This blog is about the oil and hydraulic fracture drilling 8,000 wells in proposal for Rio Rancho Estates, RioRancho and Zia Pueblo. We need to spread the word and get people to show up at the County of Sandoval meetings. The oil and gas ordinance is being driven by oil industry, and multinational investment banks.
The Aquifer when fracked
Sunday, August 28, 2016
City and County Draft Oil and Gas Ordinances
The City of Rio Rancho and Sandoval County have drafted oil and gas ordinances, spurred by last year’s bid by an Oklahoma company to drill for oil just outside the Rio Rancho city limits.
The Sandoval County Planning and Zoning division will hold two public meetings to review the county’s draft ordinance.
The meetings are scheduled for Tuesday and Tuesday, Sept. 6, from 6 to 8 p.m. in the commission chamber in the county administrative building.
This video is from the meeting of August 16 when the draft discussion first appears online prior July 27 meeting it was only a proposal of draft no one was hired to write at that time.
A digital copy of the 30-page draft can be viewed on the county’s website, as well as at the county’s administrative office.
City councilors discussed the 14-page draft at a work session earlier this month.
The city’s ordinance will be available to the public once it has been finalized and presented to the governing body.
No date has been set for a regular governing body reading of the ordinance.
Prompting the proposed ordinances was SandRidge Energy’s application last fall to drill an exploratory well in the Rio Rancho Estates area.
The Oklahoma City-based company withdrew its application in February amid public protests about the project and disagreements between the company and county regarding application requirements.
At the time, neither the county nor Rio Rancho had ordinances addressing oil and gas drilling.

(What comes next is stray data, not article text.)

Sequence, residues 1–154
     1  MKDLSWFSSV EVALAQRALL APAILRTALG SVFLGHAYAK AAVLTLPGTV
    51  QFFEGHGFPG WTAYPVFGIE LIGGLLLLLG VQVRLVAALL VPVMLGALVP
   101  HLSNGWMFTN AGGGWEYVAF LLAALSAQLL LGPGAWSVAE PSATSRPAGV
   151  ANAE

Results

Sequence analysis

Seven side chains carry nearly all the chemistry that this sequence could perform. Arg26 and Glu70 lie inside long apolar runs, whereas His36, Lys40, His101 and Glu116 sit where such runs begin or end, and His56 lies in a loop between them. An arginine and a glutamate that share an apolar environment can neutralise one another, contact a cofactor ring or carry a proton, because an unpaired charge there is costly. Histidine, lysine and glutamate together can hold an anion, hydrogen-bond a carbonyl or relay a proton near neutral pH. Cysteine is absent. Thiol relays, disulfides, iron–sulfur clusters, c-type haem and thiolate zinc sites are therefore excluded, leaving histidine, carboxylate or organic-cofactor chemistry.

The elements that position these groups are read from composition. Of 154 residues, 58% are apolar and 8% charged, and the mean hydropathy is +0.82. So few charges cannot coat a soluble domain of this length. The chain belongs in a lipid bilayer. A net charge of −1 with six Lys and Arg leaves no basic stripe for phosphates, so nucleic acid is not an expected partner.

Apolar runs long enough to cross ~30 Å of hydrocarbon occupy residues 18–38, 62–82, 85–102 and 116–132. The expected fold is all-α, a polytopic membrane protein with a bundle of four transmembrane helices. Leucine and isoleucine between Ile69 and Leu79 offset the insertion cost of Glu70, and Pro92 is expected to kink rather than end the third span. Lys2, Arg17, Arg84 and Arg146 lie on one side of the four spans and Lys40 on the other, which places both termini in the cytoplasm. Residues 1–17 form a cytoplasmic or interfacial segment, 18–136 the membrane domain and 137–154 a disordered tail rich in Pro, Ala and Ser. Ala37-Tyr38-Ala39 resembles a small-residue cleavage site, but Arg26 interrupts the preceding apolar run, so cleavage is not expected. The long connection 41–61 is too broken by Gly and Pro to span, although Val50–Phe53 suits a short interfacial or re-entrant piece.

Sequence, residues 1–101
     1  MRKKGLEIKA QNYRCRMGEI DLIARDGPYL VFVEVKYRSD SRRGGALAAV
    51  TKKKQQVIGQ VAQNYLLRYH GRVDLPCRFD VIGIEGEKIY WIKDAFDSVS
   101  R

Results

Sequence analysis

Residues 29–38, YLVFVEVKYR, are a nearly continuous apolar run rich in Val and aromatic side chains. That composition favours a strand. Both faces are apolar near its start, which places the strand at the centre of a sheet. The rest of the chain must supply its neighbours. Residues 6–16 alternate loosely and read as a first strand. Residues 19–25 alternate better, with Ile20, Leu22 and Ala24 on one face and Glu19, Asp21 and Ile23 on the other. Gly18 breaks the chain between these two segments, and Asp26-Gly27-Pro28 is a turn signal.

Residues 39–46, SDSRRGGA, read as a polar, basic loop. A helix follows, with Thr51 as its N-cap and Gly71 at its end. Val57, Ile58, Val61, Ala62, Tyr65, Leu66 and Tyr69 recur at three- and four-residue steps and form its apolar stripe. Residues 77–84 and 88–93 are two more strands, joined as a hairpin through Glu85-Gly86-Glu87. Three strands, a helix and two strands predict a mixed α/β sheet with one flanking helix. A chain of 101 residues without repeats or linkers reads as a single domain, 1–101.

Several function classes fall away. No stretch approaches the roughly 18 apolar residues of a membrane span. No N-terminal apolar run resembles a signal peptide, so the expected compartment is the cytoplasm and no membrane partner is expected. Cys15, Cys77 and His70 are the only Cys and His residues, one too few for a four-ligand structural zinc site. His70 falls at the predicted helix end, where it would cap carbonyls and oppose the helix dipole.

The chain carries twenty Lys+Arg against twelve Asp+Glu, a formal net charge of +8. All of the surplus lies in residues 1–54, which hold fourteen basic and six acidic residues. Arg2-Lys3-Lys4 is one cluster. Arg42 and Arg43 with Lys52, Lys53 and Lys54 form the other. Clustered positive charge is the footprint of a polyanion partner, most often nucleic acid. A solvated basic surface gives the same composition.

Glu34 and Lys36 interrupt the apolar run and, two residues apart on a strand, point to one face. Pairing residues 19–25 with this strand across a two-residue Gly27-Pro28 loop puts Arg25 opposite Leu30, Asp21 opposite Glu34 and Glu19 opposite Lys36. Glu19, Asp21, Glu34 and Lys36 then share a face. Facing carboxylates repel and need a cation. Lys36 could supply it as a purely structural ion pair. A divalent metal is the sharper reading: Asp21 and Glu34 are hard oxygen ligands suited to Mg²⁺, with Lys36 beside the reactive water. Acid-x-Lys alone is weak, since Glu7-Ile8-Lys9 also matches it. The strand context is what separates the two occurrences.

City Manager Keith Riesberg told city councilors during the Aug. 16 work session that city staff began creating an ordinance shortly after SandRidge filed its application.
“Even though the SandRidge application was withdrawn from the county, this issue has not gone away in that it is our understanding that AMREP has contracted the mineral rights for their properties, so we do expect this is going to be an issue that will resurface at some point in time,” Riesberg said.
Both drafts borrow language from established ordinances in other communities.
Maria O’Brien of the Modrall Sperling law firm worked on the ordinance with city staff as the city’s legal counsel. She said the city considered ordinances in Hobbs, Farmington, Bloomfield and in other municipalities in Colorado.
During a county commission workshop in April, Michael Springfield, director of the county’s planning and zoning department, said the county looked at oil and gas ordinances in Rio Arriba, San Miguel and Santa Fe counties.
O’Brien said city staff is trying to create an ordinance that is neither too strict nor too lenient, and also gives the city the option to require an applicant to meet specific or different requirements.
“It’s this balance between having the ordinance be like Bloomfield’s, going on for 50 pages and trying to address every little thing, as opposed to having a general framework, minimal requirements, but then reserving the rights of the city based on a specific proposal to propose additional requirements to effectuate the intent and purpose of the ordinance, which is to protect the public health and safety,” she said.
Both drafts require applicants to provide exploration, production, emergency and road plans. The county would require plans for storm water pollution prevention, waste disposal plan and site remediation.
The city ordinance would prohibit an applicant’s proposed drilling site from being any closer than 300 feet to any building, or production equipment from being closer than 750 feet to any building in the city limits — unless the building is owned or controlled by the applicant. No well would be allowed within 5,000 feet of a municipal water supply well.
The county’s ordinance proposes similar limitations. It would allow no oil or gas facility within 1,000 feet of a ground water recharge area. The facility would have to be at least 600 feet from residential property or lot line, 750 feet from a place of worship or school, 750 feet from an existing water well and 200 feet from a public road.
Fencing and locked gates for drilling sites are required within both ordinances.
The city ordinance requires a site’s disposal for waste to comply with the city’s and state’s air and water pollution control regulations.